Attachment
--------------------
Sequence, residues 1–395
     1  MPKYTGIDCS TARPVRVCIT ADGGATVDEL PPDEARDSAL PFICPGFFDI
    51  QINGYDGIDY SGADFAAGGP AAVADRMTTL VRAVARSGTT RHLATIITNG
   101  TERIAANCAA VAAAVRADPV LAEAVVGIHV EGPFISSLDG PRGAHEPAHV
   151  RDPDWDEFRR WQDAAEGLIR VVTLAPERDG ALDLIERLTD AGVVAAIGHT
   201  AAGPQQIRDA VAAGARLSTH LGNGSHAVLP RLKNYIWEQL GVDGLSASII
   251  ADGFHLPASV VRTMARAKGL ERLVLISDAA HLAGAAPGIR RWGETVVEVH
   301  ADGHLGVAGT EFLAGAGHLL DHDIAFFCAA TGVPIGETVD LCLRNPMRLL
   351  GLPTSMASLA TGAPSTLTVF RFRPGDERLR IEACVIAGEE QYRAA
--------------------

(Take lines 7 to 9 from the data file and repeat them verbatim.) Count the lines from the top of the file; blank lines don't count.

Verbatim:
   251  ADGFHLPASV VRTMARAKGL ERLVLISDAA HLAGAAPGIR RWGETVVEVH
   301  ADGHLGVAGT EFLAGAGHLL DHDIAFFCAA TGVPIGETVD LCLRNPMRLL
   351  GLPTSMASLA TGAPSTLTVF RFRPGDERLR IEACVIAGEE QYRAA